The retail market has been fractured into winners and losers in the wake of COVID-19’s disruptive presence.
The recently completed Ormiston Town Centre is among a variety of retail developments to be opened this year
Writing in the introduction to Bayleys’ latest Talking Shop, featuring retail leasing opportunities from around New Zealand, Bayleys’ national retail director Chris Beasleigh says some sub-sectors of the retail landscape have had an exceptional run.
“Others have faltered, regrouped and emerged stronger. Some will not recover. As specialists in the retail property sales and leasing market, we acknowledge that for many retail businesses – in particular those aligned with hospitality, travel, tourism and CBD retail – the 2020/2021 financial year was more than tough. It was punishing, and for many, the pain continues.
“For all the talk about pivoting, being adaptable and thinking outside the usual boxes, reality has bitten hard for a lot of New Zealand retail businesses.”
Earlier this year, some normality was returning, Beasleigh says, with hopes pinned on the travel bubble with Australia to boost some of our more affected retail and hospitality sub-sectors.
“Sadly, COVID’s long tail in the form of the tricky Delta variant is proving that we can’t get too comfortable. Following on from 2020’s challenges, this is naturally impacting the retail sector in all its guises quite significantly as (yet again) business owners grapple with changing protocols and health-related mandates. The breathe, pivot and adapt mentality will be with us all for some time yet.”
Beasleigh says the first half of 2021 was one of “record busyness” for Bayleys’ retail teams. Operators looking for new or additional premises recognised there was opportunity in the marketplace to secure good deals on the back of freed up space.
He says there remains very strong demand for large format and service retail space. There is little to no vacancy in the bulk retail market and minimal inventory for service retailers like nail salons and hairdressers.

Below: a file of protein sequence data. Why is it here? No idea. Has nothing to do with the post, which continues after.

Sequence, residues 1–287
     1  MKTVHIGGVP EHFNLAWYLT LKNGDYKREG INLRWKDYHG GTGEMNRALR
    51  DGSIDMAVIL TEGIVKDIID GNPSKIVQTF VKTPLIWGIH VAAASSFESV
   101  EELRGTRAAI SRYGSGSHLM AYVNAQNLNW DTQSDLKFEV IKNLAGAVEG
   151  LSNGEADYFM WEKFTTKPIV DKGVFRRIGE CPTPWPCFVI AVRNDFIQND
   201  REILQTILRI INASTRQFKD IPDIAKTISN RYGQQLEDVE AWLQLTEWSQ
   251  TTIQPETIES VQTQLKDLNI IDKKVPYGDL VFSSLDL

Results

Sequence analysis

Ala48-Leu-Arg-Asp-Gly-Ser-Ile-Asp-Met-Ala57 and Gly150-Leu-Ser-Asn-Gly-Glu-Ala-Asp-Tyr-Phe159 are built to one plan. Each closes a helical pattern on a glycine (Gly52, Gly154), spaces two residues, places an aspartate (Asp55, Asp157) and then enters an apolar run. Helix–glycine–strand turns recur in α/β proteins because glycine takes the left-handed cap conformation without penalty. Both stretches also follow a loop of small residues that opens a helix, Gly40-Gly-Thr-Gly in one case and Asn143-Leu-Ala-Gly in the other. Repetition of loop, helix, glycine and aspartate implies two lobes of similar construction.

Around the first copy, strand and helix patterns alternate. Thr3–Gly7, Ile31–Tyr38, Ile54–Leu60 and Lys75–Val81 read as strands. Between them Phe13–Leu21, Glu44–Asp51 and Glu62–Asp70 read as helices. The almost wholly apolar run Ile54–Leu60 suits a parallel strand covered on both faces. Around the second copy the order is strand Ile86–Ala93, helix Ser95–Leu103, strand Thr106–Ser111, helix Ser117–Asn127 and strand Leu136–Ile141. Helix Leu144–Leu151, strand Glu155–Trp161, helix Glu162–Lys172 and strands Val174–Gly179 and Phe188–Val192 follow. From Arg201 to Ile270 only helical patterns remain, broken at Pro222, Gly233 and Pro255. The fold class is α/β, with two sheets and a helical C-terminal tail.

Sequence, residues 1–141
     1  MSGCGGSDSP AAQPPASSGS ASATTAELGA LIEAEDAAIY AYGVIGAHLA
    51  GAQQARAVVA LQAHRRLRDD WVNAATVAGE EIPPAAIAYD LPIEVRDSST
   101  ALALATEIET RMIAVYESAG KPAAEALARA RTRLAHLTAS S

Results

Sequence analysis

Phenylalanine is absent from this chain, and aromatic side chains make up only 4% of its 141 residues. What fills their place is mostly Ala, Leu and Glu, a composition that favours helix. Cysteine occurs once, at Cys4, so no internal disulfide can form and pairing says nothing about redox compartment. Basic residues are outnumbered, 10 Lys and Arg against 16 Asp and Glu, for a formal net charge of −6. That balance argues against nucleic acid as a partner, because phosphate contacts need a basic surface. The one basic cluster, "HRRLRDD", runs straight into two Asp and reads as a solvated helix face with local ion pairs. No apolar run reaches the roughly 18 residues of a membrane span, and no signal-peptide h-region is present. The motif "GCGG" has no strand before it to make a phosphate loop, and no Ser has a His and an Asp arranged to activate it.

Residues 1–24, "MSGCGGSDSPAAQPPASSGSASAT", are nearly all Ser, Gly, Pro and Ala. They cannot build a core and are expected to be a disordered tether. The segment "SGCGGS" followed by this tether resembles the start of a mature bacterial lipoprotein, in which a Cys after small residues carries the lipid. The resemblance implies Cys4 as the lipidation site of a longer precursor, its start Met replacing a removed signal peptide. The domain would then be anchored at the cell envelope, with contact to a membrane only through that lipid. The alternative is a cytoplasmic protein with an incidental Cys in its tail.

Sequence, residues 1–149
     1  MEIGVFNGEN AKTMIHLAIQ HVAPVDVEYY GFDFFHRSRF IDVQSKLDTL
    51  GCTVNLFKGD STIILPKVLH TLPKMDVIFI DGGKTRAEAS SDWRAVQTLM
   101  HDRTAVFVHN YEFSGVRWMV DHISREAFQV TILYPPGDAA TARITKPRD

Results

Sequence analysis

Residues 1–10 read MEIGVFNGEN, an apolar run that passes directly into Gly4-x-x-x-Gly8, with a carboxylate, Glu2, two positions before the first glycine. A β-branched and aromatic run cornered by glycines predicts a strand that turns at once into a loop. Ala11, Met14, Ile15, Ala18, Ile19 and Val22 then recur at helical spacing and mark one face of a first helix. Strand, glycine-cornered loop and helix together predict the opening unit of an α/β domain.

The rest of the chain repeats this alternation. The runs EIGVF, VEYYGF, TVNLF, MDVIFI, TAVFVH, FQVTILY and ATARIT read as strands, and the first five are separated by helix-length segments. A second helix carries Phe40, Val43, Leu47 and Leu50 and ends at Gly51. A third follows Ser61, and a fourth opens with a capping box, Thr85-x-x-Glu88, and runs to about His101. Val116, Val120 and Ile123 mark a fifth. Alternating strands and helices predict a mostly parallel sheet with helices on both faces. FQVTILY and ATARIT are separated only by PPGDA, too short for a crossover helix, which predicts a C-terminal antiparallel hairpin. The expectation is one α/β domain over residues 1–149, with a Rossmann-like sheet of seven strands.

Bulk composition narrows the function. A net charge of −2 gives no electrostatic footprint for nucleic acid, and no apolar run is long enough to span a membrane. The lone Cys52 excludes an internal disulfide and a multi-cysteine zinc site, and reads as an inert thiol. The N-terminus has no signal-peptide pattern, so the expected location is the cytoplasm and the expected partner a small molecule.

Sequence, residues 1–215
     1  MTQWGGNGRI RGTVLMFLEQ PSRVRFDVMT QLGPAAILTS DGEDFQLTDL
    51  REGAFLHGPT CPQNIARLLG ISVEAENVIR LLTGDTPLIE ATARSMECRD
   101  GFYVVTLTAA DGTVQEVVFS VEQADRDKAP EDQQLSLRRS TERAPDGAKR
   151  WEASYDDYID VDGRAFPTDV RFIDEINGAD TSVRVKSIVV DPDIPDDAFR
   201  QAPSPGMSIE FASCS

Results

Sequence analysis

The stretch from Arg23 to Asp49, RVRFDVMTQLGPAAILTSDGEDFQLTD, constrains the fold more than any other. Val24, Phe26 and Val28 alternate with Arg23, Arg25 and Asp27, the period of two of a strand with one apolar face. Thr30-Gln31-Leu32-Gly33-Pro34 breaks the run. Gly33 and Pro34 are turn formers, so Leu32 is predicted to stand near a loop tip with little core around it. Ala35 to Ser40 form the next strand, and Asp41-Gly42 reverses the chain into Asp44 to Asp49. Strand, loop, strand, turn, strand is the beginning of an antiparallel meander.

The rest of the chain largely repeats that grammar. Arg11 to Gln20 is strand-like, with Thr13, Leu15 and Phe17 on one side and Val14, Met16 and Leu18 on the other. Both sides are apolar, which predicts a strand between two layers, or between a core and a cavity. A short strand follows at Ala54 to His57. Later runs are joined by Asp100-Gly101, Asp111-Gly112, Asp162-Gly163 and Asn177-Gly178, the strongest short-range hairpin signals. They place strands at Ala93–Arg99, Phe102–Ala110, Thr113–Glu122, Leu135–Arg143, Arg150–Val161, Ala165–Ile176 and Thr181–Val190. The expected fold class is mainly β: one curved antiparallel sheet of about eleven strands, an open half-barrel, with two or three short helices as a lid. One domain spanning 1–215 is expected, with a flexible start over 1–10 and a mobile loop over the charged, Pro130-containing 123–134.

“However, the fashion sector has struggled due to consumers’ ongoing love affair with online shopping, which only strengthened during the height of New Zealand’s pandemic response. Bricks and mortar apparel stores are having to rethink their offerings – both from a stock angle and an added-value/shopping experience stance.
“Large-format hospitality has also had a difficult time of it, and this has necessitated a rethink of what optimal space, food offerings and staffing levels look like – with closed borders only adding to the headaches around staff recruitment and retention.”
On a positive note, Beasleigh says the pandemic disruptor has largely brought landlords and tenants to a new and better understanding,. Landlords now have a better appreciation of how their tenants’ businesses operate and occupiers can see things more clearly from a landlord’s perspective. “Leases now reflect greater transparency, have some flexibility and include special pandemic-related clauses.”
Bayleys was involved in 393 retail leasing transactions in the March 31, 2021 financial year encompassing 72,064sqm of space and concluded $423.1 million of retail sales.
Despite COVID’s disruptions, significant new retail footprint has come onto the leasing market in the last year or so and there’s more to come, says Beasleigh. Examples include Commercial Bay in Auckland’s CBD which opened last year, Ormiston Town Centre’s opening in south-east Auckland in March. Various retail precincts are either planned or underway in the regions.
Likewise, neighbourhood hubs and local shopping centres that are aligned with areas of emerging and identified population growth are attracting occupier attention. “Eyes are turning and wallets are opening at Westgate, Kumeu, Drury, Flat Bush, Pukekohe, Silverdale and other regional centres where retail investment and development is making a mark – and where infrastructural improvements are helping facilitate business,” says Beasleigh.
“Bold moves in the face of global uncertainty are to be applauded.”